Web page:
Marquetry

The craft of covering a structural carcass with pieces of veneer forming decorative patterns, designs or pictures. At the height of its use in late 17th century France, fine furniture was embellished with marquetry produced with such rare and extremely expensive materials including ebony, tortoiseshell, and brass, often inspired by Japanese lacquer. The technique was very popular in Art Nouveau design, with Gallé and Majorelle producing detailed inlayed work. In glass it refers to a technique devised by Emile Galle and patented by him in April 1898. It consists of inserting cut pieces of hot, colored glass into the parison, then ensuring they were embedded in the surface by rolling on the marver. Once annealed, the vessel could be further decorated by carving.


Related items:

 
A French Art Nouveau Marquetry Vase by Émile Gallé
Gallé — G-18021
Bronze Nude lighted Sconce on Marquetry Easel by Georges Flamand
Flamand — EL-16855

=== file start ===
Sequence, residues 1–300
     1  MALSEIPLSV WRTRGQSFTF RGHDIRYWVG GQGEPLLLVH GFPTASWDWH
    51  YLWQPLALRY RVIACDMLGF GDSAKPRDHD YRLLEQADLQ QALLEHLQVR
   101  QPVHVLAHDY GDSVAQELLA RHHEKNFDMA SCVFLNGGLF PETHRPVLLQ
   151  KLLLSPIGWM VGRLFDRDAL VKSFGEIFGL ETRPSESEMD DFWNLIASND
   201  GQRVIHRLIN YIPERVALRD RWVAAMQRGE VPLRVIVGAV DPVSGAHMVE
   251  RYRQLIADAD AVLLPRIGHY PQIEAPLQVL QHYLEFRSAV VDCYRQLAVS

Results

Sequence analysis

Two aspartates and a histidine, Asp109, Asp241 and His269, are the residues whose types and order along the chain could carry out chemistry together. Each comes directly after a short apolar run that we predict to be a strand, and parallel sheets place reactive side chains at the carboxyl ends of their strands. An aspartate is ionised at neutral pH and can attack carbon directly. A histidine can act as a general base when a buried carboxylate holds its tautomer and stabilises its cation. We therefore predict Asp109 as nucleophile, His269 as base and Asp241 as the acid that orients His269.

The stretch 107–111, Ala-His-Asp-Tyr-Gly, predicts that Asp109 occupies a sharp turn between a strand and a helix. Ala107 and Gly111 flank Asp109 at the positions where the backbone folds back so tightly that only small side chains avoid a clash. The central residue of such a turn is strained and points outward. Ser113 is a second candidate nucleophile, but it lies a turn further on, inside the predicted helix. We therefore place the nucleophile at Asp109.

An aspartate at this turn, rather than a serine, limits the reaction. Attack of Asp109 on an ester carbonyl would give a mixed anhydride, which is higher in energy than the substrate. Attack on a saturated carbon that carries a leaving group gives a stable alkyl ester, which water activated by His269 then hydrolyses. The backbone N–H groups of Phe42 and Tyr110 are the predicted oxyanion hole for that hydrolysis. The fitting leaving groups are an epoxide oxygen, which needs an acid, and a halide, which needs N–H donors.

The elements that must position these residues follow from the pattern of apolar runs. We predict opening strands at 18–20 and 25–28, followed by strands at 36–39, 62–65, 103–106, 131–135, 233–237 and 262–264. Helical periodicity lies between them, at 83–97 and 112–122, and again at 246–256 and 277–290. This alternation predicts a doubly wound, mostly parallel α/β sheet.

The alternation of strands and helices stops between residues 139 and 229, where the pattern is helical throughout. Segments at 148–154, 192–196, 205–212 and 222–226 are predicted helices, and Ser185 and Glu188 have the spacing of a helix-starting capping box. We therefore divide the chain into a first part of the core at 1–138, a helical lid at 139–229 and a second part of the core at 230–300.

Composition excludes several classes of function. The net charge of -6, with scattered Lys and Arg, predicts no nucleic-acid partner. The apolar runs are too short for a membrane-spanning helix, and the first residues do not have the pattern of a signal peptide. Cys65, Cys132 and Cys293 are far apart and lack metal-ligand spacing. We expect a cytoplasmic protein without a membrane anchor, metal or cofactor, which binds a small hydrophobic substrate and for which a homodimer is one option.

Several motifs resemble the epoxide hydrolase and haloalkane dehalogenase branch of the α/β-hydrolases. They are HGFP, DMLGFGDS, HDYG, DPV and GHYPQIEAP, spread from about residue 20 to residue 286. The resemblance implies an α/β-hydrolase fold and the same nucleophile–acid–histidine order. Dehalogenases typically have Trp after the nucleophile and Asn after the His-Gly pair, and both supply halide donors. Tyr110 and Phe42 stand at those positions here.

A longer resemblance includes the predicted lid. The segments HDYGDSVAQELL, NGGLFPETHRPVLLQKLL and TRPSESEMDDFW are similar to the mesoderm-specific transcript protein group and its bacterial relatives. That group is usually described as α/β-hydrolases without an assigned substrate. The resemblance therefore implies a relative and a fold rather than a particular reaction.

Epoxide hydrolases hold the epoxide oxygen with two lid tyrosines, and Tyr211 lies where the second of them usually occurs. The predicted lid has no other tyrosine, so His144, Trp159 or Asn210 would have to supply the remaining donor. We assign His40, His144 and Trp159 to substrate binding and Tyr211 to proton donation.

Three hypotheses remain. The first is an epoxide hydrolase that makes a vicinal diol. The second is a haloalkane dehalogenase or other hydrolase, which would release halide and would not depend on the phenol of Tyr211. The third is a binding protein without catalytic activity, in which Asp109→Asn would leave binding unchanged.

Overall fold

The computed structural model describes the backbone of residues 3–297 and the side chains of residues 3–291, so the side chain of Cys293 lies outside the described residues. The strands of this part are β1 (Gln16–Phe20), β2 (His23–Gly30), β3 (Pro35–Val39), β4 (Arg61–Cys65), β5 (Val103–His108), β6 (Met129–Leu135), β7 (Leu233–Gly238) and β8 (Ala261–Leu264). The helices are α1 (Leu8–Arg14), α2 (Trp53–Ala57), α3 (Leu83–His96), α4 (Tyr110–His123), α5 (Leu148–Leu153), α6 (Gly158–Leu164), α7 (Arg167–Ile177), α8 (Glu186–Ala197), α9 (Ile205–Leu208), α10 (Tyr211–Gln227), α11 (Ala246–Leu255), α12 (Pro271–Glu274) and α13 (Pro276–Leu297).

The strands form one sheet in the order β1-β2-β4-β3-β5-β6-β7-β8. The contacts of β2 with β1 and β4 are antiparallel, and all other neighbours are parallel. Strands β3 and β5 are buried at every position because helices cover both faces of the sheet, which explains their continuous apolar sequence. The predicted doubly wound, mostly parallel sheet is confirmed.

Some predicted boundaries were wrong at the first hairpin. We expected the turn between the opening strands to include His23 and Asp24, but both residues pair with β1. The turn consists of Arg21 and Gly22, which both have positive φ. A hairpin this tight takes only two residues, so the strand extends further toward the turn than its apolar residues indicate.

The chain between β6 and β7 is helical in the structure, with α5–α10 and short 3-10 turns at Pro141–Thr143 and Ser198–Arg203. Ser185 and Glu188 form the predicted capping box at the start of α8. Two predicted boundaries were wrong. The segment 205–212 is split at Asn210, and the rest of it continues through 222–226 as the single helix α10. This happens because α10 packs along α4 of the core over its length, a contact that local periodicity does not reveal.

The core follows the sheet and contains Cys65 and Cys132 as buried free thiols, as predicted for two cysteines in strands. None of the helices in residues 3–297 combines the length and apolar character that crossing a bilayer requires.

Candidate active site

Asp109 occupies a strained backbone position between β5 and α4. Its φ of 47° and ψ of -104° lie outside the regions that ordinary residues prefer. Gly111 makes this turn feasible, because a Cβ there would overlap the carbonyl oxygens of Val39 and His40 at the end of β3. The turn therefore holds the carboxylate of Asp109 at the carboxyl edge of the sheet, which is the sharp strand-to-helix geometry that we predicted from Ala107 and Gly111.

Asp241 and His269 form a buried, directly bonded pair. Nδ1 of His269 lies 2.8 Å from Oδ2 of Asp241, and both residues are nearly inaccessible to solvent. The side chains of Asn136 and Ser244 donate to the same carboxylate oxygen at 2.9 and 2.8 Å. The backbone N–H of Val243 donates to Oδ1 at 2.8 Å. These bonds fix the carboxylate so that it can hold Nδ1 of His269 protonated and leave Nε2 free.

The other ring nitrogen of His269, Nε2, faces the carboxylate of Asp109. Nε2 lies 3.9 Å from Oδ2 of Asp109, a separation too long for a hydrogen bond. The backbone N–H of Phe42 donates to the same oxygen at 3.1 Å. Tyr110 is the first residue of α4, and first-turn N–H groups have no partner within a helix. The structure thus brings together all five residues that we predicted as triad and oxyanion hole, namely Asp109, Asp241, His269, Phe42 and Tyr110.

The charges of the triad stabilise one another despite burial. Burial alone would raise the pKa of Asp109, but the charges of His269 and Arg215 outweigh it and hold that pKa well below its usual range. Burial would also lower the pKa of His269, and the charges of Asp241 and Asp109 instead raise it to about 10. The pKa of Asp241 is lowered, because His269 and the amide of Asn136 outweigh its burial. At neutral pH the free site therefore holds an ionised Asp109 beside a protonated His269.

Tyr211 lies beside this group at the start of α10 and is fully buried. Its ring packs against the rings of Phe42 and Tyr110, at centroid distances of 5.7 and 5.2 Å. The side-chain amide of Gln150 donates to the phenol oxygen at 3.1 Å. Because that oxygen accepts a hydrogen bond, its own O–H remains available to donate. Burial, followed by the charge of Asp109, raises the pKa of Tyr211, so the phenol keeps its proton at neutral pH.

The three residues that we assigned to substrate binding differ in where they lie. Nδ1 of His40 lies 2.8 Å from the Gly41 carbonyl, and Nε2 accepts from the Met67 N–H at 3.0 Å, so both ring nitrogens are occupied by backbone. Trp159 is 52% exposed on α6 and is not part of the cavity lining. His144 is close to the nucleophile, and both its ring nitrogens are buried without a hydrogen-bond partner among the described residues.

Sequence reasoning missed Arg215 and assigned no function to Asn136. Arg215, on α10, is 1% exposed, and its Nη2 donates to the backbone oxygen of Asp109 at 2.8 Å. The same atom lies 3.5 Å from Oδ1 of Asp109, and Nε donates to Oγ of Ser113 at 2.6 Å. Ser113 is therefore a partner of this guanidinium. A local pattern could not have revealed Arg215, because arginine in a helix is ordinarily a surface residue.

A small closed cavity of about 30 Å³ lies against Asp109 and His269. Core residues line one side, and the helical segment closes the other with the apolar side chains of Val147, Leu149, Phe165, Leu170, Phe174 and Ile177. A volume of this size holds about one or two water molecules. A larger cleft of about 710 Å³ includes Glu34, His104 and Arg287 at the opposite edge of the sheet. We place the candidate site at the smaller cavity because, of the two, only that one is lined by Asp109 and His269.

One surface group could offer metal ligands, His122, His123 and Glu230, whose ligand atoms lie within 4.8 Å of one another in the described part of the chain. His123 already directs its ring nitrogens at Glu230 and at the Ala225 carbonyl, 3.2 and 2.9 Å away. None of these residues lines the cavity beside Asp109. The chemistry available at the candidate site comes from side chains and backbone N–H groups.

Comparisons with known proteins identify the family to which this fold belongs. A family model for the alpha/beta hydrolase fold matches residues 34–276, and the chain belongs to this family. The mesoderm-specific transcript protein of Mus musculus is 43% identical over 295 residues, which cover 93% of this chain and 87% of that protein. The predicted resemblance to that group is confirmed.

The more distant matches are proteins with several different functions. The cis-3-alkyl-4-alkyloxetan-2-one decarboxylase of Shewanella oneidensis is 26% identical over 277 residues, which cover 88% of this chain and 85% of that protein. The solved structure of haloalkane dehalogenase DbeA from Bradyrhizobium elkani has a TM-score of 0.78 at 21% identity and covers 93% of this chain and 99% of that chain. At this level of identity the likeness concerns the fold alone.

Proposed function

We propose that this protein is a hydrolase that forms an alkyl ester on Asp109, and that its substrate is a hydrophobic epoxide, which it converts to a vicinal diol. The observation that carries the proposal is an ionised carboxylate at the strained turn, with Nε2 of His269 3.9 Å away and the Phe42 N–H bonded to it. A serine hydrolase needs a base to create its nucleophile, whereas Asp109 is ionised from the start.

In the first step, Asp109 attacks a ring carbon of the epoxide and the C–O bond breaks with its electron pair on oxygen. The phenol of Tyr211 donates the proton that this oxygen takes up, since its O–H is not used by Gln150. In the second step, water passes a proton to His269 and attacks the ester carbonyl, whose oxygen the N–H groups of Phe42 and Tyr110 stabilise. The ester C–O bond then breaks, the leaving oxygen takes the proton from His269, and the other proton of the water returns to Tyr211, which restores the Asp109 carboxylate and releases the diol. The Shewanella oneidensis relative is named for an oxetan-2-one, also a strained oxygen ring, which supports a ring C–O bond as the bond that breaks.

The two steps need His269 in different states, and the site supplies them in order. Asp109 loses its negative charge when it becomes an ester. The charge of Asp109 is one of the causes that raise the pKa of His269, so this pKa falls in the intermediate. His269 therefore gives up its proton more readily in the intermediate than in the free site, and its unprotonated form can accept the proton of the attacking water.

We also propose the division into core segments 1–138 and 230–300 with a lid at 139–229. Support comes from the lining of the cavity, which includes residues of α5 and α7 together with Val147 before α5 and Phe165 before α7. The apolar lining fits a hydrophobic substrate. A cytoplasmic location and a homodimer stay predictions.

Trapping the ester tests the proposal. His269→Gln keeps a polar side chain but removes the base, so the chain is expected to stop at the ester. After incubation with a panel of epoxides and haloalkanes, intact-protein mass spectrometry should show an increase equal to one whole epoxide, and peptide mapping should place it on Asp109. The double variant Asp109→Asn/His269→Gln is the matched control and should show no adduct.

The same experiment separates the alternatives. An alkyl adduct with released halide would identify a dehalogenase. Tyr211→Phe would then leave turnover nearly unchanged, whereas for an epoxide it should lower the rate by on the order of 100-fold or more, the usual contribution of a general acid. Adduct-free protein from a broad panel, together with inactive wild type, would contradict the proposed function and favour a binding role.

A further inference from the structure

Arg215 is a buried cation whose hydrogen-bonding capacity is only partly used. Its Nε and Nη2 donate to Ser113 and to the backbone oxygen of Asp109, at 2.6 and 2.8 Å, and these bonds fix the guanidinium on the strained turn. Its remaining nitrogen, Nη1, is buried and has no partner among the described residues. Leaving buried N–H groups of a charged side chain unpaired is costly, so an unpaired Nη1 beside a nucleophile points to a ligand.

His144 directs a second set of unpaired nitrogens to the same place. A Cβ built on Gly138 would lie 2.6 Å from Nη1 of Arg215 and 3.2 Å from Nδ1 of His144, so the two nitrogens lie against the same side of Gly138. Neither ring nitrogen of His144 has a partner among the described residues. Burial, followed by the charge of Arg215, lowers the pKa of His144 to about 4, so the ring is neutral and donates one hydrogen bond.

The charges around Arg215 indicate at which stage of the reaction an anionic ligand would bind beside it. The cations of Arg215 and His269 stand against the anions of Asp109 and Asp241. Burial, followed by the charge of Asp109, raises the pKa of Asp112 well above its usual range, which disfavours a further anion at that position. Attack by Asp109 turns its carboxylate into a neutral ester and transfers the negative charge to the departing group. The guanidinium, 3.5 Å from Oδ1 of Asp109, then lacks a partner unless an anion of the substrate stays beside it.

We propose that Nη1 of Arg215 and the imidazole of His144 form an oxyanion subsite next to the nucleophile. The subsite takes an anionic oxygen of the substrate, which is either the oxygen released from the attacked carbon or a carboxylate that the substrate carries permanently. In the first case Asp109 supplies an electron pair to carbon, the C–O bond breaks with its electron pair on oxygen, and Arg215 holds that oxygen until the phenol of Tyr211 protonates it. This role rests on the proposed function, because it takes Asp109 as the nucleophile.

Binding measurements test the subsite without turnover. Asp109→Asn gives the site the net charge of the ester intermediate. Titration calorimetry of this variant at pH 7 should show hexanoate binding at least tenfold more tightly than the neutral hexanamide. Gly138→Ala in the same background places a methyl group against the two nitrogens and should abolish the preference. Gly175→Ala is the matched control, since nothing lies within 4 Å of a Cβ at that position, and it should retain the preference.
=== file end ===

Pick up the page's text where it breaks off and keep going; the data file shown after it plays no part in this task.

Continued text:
French Art Nouveau Marquetry Cabinet by Louis Majorelle
Majorelle — F-1526

 

News

1/26/2018
The Butterfly Effect: Ben Macklowe Discusses Mystery Behind ...

In the January 2018 issue of Avenue, columnist Carol Brodie features an ornate French Art Nouveau 18-karat gold and enamel butterfly brooch from Macklowe Gallery In Hidden Gems, Brodie speaks with President  More>>

1/8/2018
ATG Features Winter Antiques Show Exhibitor Macklowe Gallery

Long-time Winter Antiques Show exhibitor, Macklowe Gallery, is featured in the January issue of Antiques Trade Gazette. Editor Katherine Boyle sits down with President Benjamin Macklowe, who describes the “enduring  More>>

Events

Join our Newsletter

     
©2018 Macklowe Gallery. All Rights Reserved.
Visit us at:  445 Park Avenue New York, New York 10022 — 212-644-6400